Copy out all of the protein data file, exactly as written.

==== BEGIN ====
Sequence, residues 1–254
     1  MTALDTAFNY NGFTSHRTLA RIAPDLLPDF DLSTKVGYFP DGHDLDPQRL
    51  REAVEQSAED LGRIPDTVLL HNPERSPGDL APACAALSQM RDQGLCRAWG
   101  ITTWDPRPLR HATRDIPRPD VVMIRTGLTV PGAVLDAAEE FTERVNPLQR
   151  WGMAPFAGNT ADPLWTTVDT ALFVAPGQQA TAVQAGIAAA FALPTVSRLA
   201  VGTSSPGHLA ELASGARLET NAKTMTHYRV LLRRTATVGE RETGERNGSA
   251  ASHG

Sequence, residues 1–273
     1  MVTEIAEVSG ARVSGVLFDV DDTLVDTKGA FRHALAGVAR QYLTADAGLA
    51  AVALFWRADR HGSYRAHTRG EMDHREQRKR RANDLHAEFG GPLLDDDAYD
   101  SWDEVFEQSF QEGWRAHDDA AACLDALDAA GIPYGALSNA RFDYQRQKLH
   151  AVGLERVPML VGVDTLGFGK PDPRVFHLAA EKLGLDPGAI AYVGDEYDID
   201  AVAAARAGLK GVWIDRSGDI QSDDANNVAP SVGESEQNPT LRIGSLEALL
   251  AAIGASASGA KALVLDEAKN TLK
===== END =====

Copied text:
Sequence, residues 1–254
     1  MTALDTAFNY NGFTSHRTLA RIAPDLLPDF DLSTKVGYFP DGHDLDPQRL
    51  REAVEQSAED LGRIPDTVLL HNPERSPGDL APACAALSQM RDQGLCRAWG
   101  ITTWDPRPLR HATRDIPRPD VVMIRTGLTV PGAVLDAAEE FTERVNPLQR
   151  WGMAPFAGNT ADPLWTTVDT ALFVAPGQQA TAVQAGIAAA FALPTVSRLA
   201  VGTSSPGHLA ELASGARLET NAKTMTHYRV LLRRTATVGE RETGERNGSA
   251  ASHG

Sequence, residues 1–273
     1  MVTEIAEVSG ARVSGVLFDV DDTLVDTKGA FRHALAGVAR QYLTADAGLA
    51  AVALFWRADR HGSYRAHTRG EMDHREQRKR RANDLHAEFG GPLLDDDAYD
   101  SWDEVFEQSF QEGWRAHDDA AACLDALDAA GIPYGALSNA RFDYQRQKLH
   151  AVGLERVPML VGVDTLGFGK PDPRVFHLAA EKLGLDPGAI AYVGDEYDID
   201  AVAAARAGLK GVWIDRSGDI QSDDANNVAP SVGESEQNPT LRIGSLEALL
   251  AAIGASASGA KALVLDEAKN TLK